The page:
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Jun 11, 2019

You’ve been sailing awhile and in what you thought were familiar waters, when, you hear that terrible sound.

Here’s a great article by William C. Winslow, the Division 5 – Staff Officer Public Affairs, First District Southern Region, for the U.S. Coast Guard Auxiliary, the all-volunteer, non-military arm of the Coast Guard, teaching boating safety education and conducting search and rescue operations

Crunch! You have just run aground. You feel embarrassed to do so in view of your family and friends, and your ego is dinged.

Welcome to the club — you’re not really a true boater until you have experienced a scraping. What distinguishes an old salt from a newbie is what you do to minimize your bad luck, and how you get unstuck when you’re in too-thin water.

Skippers’ errors turn into trouble when they ignore signs of danger or indulge in risky navigational behavior such as not paying attention to where they are headed.  So how to keep the captain alert?

  1. A depth finder should be standard equipment on all but the smallest craft. The depth finder should be set so an alarm rings if the water drops to a predetermined depth (be generous with that setting by allowing an extra three to four feet). Even the smallest runabout should have a boat hook or even an oar to gauge the water’s depth.
  1. Have paper charts aboard. They provide the big picture of bottom conditions in far more detail than electronic ones often do and help the helmsperson plot a course around potential hazards.
  1. Know the sea conditions for your boating day. When is high and low tide? How strong is the wind and where are the currents and locations of known rip tides? Make use of all information known before you set out and use electronics and available apps to monitor any changing conditions during your cruise.
  1. Know the environment you’ll be boating in by checking the slope of tidal sand bars. If they slope gradually, they will likely continue quite a way under water. If you spot birds wading out some distance from shore, conclude that they are in shallow water. Risking a shortcut over a sandbar may work one day, but subtle changes in tide, wind, and/or waves might spell disaster during another trip.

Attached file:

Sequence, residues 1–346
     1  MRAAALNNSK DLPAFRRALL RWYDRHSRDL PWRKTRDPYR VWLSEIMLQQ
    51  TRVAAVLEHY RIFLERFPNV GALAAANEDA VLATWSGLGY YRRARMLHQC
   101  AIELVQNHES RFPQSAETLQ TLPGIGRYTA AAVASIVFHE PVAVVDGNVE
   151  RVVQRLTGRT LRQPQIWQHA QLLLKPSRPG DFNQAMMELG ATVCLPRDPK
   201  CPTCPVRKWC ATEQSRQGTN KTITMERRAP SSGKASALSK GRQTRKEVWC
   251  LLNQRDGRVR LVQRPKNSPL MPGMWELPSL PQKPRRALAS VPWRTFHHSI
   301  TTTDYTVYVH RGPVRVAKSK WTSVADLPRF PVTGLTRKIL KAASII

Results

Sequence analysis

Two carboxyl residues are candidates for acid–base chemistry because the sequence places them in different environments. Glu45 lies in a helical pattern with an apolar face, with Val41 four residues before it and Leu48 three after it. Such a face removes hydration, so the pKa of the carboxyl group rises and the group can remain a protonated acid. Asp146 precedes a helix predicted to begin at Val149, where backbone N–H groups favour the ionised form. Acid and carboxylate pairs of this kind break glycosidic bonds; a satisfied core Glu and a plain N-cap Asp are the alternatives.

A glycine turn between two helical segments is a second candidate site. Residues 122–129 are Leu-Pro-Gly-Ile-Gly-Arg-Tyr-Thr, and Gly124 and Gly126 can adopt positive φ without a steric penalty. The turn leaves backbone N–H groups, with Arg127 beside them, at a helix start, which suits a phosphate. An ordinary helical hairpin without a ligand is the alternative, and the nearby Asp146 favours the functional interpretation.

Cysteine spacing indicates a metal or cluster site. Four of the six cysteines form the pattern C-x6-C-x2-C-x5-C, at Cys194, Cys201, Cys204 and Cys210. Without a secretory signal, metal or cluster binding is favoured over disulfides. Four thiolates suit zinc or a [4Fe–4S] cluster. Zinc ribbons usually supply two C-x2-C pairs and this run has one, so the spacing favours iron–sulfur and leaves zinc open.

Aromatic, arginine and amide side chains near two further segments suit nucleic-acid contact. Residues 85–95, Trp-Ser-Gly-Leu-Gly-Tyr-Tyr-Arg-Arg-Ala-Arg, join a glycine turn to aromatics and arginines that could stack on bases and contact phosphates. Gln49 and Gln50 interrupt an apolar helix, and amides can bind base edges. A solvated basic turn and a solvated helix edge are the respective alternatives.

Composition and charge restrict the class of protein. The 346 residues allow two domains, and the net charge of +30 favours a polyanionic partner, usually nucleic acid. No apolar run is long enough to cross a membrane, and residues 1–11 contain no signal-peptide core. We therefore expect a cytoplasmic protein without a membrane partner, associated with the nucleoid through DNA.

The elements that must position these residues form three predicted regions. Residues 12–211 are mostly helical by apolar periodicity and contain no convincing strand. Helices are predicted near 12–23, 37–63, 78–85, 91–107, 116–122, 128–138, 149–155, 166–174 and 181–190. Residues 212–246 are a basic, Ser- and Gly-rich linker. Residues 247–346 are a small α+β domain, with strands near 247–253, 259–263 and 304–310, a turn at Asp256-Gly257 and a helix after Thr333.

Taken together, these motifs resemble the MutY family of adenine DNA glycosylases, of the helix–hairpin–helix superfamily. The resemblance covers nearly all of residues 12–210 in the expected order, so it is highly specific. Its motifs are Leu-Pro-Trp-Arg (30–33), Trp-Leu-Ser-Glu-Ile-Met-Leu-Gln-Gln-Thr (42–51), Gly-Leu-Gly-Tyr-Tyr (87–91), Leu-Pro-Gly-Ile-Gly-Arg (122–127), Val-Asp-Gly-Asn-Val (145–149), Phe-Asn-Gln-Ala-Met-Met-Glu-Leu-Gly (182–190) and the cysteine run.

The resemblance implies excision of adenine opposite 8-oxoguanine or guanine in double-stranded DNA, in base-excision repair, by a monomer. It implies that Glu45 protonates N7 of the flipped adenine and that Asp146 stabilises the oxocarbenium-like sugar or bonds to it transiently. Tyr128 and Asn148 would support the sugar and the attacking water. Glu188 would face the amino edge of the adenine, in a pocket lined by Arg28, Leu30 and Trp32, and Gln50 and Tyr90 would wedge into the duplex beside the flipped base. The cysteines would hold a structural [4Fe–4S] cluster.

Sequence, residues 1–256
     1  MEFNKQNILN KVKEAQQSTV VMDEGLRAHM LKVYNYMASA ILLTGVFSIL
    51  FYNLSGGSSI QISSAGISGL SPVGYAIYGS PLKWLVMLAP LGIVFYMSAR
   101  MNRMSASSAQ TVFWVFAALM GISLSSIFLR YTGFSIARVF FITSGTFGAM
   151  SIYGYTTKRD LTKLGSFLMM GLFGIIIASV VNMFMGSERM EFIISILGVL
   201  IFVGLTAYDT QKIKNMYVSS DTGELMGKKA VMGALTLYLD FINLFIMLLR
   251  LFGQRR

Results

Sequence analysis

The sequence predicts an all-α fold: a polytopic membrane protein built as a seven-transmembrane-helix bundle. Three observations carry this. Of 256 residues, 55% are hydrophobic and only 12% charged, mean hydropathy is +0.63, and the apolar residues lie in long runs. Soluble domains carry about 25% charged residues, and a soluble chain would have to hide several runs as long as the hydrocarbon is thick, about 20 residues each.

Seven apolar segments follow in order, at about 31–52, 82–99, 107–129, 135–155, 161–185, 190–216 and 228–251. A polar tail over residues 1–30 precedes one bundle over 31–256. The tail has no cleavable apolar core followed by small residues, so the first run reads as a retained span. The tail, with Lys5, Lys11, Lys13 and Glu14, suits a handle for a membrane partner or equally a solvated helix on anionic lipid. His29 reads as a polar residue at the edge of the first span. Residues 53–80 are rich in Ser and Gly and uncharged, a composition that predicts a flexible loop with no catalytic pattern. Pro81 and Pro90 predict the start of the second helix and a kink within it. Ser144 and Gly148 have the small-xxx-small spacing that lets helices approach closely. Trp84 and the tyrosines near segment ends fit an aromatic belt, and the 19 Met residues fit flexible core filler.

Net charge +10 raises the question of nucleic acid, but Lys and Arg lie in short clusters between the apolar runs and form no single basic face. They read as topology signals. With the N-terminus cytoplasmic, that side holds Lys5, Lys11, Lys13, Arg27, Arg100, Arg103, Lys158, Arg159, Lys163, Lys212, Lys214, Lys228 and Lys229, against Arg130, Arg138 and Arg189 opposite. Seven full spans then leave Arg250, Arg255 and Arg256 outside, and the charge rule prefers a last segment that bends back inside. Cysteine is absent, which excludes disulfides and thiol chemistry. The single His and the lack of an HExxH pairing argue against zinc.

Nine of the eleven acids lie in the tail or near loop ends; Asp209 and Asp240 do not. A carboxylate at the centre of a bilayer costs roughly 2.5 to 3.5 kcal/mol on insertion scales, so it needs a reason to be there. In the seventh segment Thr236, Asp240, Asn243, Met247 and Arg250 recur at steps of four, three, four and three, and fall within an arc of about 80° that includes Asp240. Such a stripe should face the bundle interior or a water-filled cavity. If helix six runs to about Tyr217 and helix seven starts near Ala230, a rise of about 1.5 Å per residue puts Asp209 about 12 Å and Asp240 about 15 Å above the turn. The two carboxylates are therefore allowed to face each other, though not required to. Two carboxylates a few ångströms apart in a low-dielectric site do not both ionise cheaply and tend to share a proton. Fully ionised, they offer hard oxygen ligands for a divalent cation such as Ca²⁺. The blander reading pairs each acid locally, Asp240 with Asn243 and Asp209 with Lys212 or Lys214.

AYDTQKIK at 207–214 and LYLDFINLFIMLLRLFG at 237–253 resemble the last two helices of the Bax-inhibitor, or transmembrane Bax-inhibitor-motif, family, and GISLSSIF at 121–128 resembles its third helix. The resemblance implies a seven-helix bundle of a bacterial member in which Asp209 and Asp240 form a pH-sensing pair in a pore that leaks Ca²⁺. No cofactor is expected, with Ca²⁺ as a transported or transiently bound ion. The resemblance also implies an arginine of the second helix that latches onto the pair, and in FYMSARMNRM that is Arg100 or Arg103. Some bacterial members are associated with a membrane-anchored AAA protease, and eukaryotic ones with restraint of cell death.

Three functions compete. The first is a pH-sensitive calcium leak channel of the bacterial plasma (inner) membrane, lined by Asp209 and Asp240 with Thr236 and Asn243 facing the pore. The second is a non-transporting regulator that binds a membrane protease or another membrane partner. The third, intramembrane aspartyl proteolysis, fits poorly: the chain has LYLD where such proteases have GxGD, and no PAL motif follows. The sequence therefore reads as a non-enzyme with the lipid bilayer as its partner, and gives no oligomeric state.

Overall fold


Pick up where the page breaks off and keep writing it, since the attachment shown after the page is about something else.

What if you have been cautious and you still got hung up? The kind of bottom you hit and how fast you were going play key roles in whether you’ll successfully free your vessel quickly with the loss of little more than a bit of bottom paint.

At the first sound of grounding you should cut your engine to avoid plowing in deeper. Then the skipper or a knowledgeable crewmember should check to see if the vessel has been holed. Even a two-inch gash can let a lot water in. Plug that hole with anything you have, including clothes, rags, towels, life jackets, and sails.

A soft landing indicates you’re in sand or mud, but look over your railing to confirm: If you’re sitting in mud or sand, you may have some wiggle room. Retracing your route makes sense here — until you scraped, you were in clear water, so backing out may be all that’s needed. If that doesn’t work, try turning around 180 degrees. You just might be able to bull your way through because your engine is more powerful in forward than reverse (first make a quick choice as to whether deeper water is to port or starboard). If your boat is a small open runabout with a draft of no more than a foot or so, another way to get free is to have everybody get into the water and push the craft back into deeper water.

Rocks confront you with a different challenge as they are unforgiving. Moving forward or back may do serious damage to the keel; once on a rock, always on a rock until the tide changes.

There are a number of other options for the level-headed skipper to consider. If the tide is coming in, you can float off, but put out an anchor to hold the boat in place so the wind or current doesn’t push your vessel into deeper danger. If the tide is ebbing, you will be spending up to eight hours immobilized while facing an increasing list. As this could flood the boat, it’s time to call for a professional tow. Though you hope you’ll never need it, it’s smart to buy unlimited towing at the beginning of each season.